February 18, 2010
Language tips: Prefixes and hyphens & different from or than
Weekly Language Usage Tips
Tip 1: Hyphens and prefixes
A reader writes:
I am making modifications to a manuscript I submitted to the Journal of General Internal Medicine. I received the following comment:
“Preintervention” and “postintervention” should be spelled “pre-intervention” and “post-intervention”.
I was wondering if you had any input on how I should address this issue? Is there a reference to which I can refer to back up my case that it should be ‘preintervention’?
Yes, and pay attention because this is important: This is a matter of style, not substance. Every journal has its own house style, and because it is about style, there is no right or wrong answer. If this is JGIM’s style, make the correction, and let it go. Make no attempt to defend or back up your case! Your case is that you want this manuscript published!
If someone was unfairly criticizing your methods, analysis, findings, or conclusions, then you defend your case, but in a manner of style, it’s only a question of an opinion, and that is DEFINITELY NOT where you want to expend your energy-especially, when the only one who could end up getting hurt is you!
Tip 2: Different from or than
A reader writes:
A WLUT suggestion: Different than or different from? I learned (from H W Fowler?) that the latter is almost always the correct form.
We addressed this a couple of years ago, but looking back, I see that I only devoted 5 lines to the discussion. Perhaps I can do a bit better.
First, the reader is correct that ‘different from’ is standard. ‘Different than’ is not-except in some situations which I will explain. That the reader learned it from H. W. Fowler is incorrect. Fowler never addressed the issue of ‘different than.’ Instead, he addressed another word combination, and his stance on this is completely nuts (and I say this with all due respect as Fowler is one of my language heroes). What Fowler talks about is ‘different to,’ and what he says is this:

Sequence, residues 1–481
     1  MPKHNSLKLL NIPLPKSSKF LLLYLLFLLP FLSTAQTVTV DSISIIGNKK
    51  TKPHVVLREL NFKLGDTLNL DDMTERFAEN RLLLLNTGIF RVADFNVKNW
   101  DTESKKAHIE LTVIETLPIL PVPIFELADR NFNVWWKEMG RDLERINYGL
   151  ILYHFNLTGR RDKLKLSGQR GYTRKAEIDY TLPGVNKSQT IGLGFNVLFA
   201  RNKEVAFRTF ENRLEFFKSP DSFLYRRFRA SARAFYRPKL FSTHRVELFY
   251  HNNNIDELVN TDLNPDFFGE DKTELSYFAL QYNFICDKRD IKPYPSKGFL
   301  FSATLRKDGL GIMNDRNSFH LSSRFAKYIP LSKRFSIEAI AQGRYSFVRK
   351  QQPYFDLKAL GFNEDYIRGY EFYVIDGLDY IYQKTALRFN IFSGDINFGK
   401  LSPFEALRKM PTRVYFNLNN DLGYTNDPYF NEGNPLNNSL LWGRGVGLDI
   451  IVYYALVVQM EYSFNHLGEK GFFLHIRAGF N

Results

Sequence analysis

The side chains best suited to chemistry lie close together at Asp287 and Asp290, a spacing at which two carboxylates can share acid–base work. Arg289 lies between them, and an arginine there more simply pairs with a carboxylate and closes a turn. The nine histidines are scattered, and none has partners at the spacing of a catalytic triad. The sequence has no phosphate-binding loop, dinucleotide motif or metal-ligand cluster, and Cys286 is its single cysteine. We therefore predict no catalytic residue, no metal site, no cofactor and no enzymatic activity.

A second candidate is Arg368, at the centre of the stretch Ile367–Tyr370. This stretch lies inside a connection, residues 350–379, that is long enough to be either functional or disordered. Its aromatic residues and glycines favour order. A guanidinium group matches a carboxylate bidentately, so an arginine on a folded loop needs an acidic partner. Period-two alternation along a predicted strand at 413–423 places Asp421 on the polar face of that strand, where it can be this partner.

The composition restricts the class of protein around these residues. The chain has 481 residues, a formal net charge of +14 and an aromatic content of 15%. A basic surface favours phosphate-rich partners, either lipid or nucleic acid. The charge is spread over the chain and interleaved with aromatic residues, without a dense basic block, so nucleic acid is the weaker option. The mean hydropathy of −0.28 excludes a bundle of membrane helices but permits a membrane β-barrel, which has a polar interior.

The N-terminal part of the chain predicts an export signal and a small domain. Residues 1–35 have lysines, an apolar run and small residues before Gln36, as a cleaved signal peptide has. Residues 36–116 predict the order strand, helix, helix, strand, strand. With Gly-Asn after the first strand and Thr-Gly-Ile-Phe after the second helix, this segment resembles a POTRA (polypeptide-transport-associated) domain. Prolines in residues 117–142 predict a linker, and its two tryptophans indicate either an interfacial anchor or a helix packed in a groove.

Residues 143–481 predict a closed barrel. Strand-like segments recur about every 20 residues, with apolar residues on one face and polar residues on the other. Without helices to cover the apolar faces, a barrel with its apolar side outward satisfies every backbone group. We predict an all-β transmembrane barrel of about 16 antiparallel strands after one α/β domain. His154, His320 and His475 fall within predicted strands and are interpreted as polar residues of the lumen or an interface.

That different can only be followed by from and not to is a SUPERSTITION.
He goes on to explain that ‘different to’ is the same as ‘averse to’ or ‘compare to.’ I say this, “Get out of town! There is never a time or place where it is appropriate to use different to.”
So this first point I want to make is simple: NEVER use ‘different to.’
[NOTE: After referring to my other UK language mavens (e.g., Bryson and Goodman and Edwards), I am going to concede that ‘different to’ is a UK thing, but still, I would advise against using it. It is not universally accepted and can be viewed as, hmm, let me think, WRONG?]
Moving on to ‘different from’ or ‘different than.’ Remember this, ‘different from’ is always correct. You really can’t go wrong using ‘different from.’
The issue is that ‘than’ is supposed to follow an adjective of comparison (e.g., smarter than, fatter than, noisier than), and different is not an adjective of comparison (although, as Garner notes, it is an adjective of contrast). There are times, however, when ‘different than’ has its place. And that is often when the words are followed by a clause. For example, both of the following sentences are acceptable:
The results of the survey turned out to be very different than I expected.
The results of the survey turned out to be very different from what I expected.
In general, I would stick with ‘different from’ unless it seems more awkward than ‘different than.’ I’ll let Strunk and White have the last word.
Here logic supports established usage: one thing differs from another, hence, different from.
And there you have it.